by Joanie Butman
Choosing to visit South Beach while attempting a Lenten fast is equivalent to traveling to Sodom and Gomorrah for a spiritual retreat! I doubt there are many Lenten observers in Miami, unless fasting from wearing clothes counts. I certainly wasn’t going to find any encouragement within a community of excesses in every imaginable form – which brings me to my first choice point and an important admonition Paul gives the Corinthians: “Do not be misled. Bad company corrupts good character.” Not that I’ve ever needed any help with pushing the envelope.
As I do every year, I’ve been remiss in regard to my Lenten fast. This year was even more half-hearted than most because mentally I’d given myself a bye. Haven’t I suffered enough over the past two months? I gave up my spleen and various other pieces of my innards! Surely, I must deserve to eat, drink and be merry? Haven’t I ‘earned’ it? HA! If I got what I ’earned,’ it wouldn’t be a trip to South Beach but a one-way ticket to someplace much hotter. Thankfully, Christ gives me what I need, not what I deserve.
My fasting failure is a familiar refrain, and you might wonder why I go through this exercise in futility every Lent. You’d think it would be discouraging, but actually it’s an excellent reminder of just how weak I am and how desperately I need God’s grace and mercy – again and again and again, which is brought to the forefront by my feeble efforts. As Joni Erickson Tada explains, “Fasting reveals the stuff inside of us. It shows us what we are made of, what we prize and prefer. You will see it, be confronted by it, and have to deal with it.”
My Lenten lapses reveal my innermost need of God’s grace available only through Christ’s sacrifice on my behalf. Even on the few occasions when I’ve been able to stick to my Lenten fast, pride seeps in undermining the effort because my success makes me feel more ‘worthy’ and shifts the focus away from Christ’s sacrifice to my own. It’s a no-win situation, which is exactly the point. I’m hopeless on my own. A good reminder anytime but especially approaching Easter.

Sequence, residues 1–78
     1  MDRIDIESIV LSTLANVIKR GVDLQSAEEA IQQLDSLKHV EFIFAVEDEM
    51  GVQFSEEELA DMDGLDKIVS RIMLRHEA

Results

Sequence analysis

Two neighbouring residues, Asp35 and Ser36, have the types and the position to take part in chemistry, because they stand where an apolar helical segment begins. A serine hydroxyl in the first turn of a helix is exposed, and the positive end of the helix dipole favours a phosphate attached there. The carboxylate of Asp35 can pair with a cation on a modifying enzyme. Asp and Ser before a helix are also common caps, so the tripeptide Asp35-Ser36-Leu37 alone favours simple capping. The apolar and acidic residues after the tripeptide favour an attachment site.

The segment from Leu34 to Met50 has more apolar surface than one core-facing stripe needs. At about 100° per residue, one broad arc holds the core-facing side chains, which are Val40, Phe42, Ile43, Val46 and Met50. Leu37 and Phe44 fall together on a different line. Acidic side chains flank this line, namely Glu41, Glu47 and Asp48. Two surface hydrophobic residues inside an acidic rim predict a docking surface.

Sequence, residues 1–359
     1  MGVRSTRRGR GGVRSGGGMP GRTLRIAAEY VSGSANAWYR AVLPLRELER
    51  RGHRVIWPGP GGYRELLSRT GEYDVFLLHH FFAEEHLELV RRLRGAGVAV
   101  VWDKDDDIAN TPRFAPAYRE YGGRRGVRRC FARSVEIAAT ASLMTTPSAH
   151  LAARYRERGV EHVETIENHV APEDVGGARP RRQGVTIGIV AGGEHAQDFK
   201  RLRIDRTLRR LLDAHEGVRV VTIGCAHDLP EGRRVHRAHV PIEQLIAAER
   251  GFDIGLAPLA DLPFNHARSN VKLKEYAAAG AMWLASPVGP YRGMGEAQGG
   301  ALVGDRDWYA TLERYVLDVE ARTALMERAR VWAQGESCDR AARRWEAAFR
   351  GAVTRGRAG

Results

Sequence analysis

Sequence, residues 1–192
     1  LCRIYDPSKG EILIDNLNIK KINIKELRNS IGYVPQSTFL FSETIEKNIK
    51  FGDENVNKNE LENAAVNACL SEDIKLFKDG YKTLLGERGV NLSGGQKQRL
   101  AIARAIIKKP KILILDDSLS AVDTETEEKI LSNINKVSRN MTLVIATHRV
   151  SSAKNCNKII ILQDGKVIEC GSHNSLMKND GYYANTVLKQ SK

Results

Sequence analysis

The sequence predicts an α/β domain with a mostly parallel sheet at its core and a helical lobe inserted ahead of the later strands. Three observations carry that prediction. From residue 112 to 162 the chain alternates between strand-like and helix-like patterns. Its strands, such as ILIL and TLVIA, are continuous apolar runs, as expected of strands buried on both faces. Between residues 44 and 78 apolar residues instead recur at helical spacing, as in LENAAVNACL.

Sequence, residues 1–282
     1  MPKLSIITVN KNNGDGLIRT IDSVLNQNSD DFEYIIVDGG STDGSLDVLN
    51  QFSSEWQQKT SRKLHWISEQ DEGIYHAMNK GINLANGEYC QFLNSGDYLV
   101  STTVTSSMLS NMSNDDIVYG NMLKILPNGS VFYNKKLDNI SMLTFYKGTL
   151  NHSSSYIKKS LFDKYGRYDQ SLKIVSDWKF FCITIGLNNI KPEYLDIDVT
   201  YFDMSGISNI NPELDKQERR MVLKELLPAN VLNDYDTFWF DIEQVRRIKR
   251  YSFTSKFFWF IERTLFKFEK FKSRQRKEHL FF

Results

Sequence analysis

Lent is all about recognizing our need for and experiencing God’s mercy and acknowledging the enormous cost paid for us to receive it. If I had to earn my own salvation, I would be doomed. Something the nuns reminded me of daily growing up. By the end of grammar school I had committed so many transgressions, they convinced me I was a lost cause and even Christ couldn’t save me. Who knew that talking during a fire drill, passing notes, chewing gum or missing mass would hold such dire consequences? It’s not surprising that I gave up. I wonder what those nuns would think about Pope Francis’ dictum, “Mercy will always be greater than any sin; no one can place limits on the love of God.” He never met Sister Rita DeLourdes.
It took me decades to finally understand and embrace that God is the “God of second chances. And third chances. And fourth chances. There is no limit to His mercy or His love.” Nothing I can ever do will make Him love me any less or any more. God doesn’t love me for what I do; He loves me for who I am – His child. That’s not to say He isn’t pleased with anything I offer Him. He can take my smallest, most pathetic efforts on His behalf and use them to draw me closer and glorify His kingdom.
When I offer my desire and perseverance to try to do better – regardless of how imperfect, God “multiplies this little gift and fills it with the transforming power of His love” strengthening and encouraging any effort on my part. In God’s Upside-down Kingdom, it's my failures that actually bring me into Christ’s presence better than any of my accomplishments because it reminds me that “His grace is sufficient for me, for His power is made perfect in weakness.” The more I recognize my need for grace, the greater my understanding of its power and the greater my appreciation of the gift I celebrate on Easter and every day.
Finally, South Beach may not qualify as a ‘spiritual retreat,’ but it’s a glaring example of the countless worldly distractions that often cloud our vision and judgment. It’s also a vivid illustration of how easily our environment can affect our choices. A moral relativism creeps in because regardless of whatever I was doing, compared to those around me, even Sister Rita DeLourdes would have thought I looked saintly.